She waits, but he doesn’t elaborate. “And,” she prompts. “What have you decided?”

“It’s a secret. For now.” He rises from the table and, taking her by the hand, he leads her, across the courtyard, to the bower where they like to sit and talk.

“An auspicious sky,” he says, looking up at the stars.

Hermione follows his gaze, and can’t help wondering about the Muggle terraces that loom over them on all sides. “How do you keep the house so well-hidden?” she asks.

Draco takes her hand. “With very ancient magic, Granger. Junius Malfoy, who built it, performed certain—er—rites that make the house invisible to anyone who isn’t a Malfoy.”

Hermione had been about to ask how many Muggles had died in those ‘rites’, but his final word diverts her attention. “Then why can I see it?”

“Because I want you here. I want you safe.”

“So you’ve—what?—granted me permission to see it?”

“In a manner of speaking. Now...”

He draws her into his arms, and kisses her.

And Hermione feels a strange sensation, down in that elusive place, deep in her vitals, that seems to have been made just for him to reach—something much more than the usual empty ache—something warm and tingling, “Like chilli,” she murmurs.

Shhhhhhh,” he whispers, softly. “I know...”

His kisses grow harder and more passionate but, though her body’s crying out for him, the need itself’s delicious, and Hermione pulls away from him, freeing herself from his arms.

Draco watches her curiously.

She grasps his beautiful jacket by its perfect lapels, slides it off his shoulders, and down his arms, marvelling at just how sexy such stiff and formal clothing can be.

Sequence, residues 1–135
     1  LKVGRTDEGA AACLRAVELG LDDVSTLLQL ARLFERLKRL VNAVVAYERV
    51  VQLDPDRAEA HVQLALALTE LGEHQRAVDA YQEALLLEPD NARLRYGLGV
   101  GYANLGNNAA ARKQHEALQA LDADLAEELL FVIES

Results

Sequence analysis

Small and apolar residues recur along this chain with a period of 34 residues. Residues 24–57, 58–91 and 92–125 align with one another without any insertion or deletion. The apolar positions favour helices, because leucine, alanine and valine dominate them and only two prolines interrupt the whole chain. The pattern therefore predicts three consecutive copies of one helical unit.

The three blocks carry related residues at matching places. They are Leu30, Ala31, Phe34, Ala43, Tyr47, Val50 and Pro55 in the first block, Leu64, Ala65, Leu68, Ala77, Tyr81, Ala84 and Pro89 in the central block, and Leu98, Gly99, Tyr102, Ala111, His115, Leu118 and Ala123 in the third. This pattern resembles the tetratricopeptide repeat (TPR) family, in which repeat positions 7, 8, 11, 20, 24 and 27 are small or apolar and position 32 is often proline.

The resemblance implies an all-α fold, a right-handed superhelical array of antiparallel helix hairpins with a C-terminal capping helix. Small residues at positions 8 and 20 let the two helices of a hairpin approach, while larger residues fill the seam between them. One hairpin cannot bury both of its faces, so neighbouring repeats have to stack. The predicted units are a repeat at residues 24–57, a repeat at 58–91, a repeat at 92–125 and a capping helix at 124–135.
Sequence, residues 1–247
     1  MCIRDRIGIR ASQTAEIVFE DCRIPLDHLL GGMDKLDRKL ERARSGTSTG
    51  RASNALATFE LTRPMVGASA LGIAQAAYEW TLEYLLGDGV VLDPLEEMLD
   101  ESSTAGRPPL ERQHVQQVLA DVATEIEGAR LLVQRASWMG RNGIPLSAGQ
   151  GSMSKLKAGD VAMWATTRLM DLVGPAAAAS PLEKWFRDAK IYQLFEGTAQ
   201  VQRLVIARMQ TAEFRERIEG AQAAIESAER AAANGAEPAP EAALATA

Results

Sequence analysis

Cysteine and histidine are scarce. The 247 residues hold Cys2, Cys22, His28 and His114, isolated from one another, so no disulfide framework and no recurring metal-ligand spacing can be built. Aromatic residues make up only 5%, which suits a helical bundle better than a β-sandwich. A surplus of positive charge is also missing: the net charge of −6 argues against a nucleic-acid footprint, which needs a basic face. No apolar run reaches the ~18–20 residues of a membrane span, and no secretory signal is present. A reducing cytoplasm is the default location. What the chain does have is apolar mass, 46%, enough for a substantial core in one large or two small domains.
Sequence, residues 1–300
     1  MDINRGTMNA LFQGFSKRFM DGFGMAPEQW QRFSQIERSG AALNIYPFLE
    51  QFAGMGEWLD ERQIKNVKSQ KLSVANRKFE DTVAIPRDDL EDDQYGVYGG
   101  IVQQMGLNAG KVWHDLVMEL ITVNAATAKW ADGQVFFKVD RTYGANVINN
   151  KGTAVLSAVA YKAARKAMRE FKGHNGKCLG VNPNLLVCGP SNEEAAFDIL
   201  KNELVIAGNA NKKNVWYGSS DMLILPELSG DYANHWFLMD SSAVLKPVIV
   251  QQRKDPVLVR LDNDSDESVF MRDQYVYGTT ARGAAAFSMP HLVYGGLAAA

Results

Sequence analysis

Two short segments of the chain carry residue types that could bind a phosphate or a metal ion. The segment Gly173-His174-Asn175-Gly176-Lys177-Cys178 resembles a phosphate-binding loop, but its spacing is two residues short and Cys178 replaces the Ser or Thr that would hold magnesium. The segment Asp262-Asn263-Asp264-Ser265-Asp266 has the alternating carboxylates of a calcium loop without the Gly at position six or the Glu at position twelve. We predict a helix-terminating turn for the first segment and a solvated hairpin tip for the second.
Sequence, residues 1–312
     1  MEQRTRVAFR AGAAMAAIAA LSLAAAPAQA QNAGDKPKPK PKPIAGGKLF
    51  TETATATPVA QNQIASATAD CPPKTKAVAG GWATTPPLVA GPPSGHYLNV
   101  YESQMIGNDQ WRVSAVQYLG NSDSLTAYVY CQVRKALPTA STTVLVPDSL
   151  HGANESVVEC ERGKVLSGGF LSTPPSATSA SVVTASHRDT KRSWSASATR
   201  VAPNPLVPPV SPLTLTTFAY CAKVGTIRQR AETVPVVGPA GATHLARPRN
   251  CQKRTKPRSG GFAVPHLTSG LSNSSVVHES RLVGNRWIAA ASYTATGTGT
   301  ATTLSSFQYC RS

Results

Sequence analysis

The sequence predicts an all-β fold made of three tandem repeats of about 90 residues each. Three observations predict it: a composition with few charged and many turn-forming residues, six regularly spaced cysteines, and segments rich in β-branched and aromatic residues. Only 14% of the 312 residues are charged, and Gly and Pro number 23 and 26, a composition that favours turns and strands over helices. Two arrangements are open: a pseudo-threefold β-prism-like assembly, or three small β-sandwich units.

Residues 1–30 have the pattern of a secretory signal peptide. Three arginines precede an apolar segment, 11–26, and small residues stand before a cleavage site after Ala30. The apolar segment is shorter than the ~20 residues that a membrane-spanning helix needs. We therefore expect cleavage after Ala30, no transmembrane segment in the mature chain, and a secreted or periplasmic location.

Draco grins—maybe he’s reading her mind.

Hermione grins back, deftly untying his tie and pulling it off and, all the while, her desire’s growing, burning her up inside, but she forces herself to slow down, undoing his shirt buttons one by one, and gradually revealing his pale, muscular chest.

And Draco, who’s usually so masterful, seems to be enjoying letting her take the lead, enjoying letting her tease him.

Hermione lets his shirt fall to the ground and, still going slowly, though she’s desperate to feel him plunge himself inside her, she works her way down his chest, tormenting him with whisper-soft kisses, imagining how his body must be burning, just like hers.

She reaches the waistband of his trousers, moves lower, and nuzzles his erection through the soft fabric.

“Granger...” His voice is husky. He grasps her head, threading his fingers into her hair, and holds her close.

She rubs her cheek against his hard flesh.

His other hand moves to his fly, and he unfastens his buttons and, working the fabric aside, frees himself.

Hermione’s seen him before—touched him, held him, felt him deep inside her—but, still, she gasps.

Draco applies the tiniest amount of pressure with the hand that’s holding her head, and gently encourages her to use her mouth.

In the two weeks they’ve been together, it’s the first time he’s asked her to pleasure him like this—until now, he’s always been the one in charge, and he’s always made it about her—and Hermione sees this as a step forward in their relationship—a step towards equality—and she sucks him eagerly, bobbing her head, loving the feel of him, hard yet velvety, and the taste of him, and the way her attention’s making his cock grow stiffer, and more erect, until it’s so...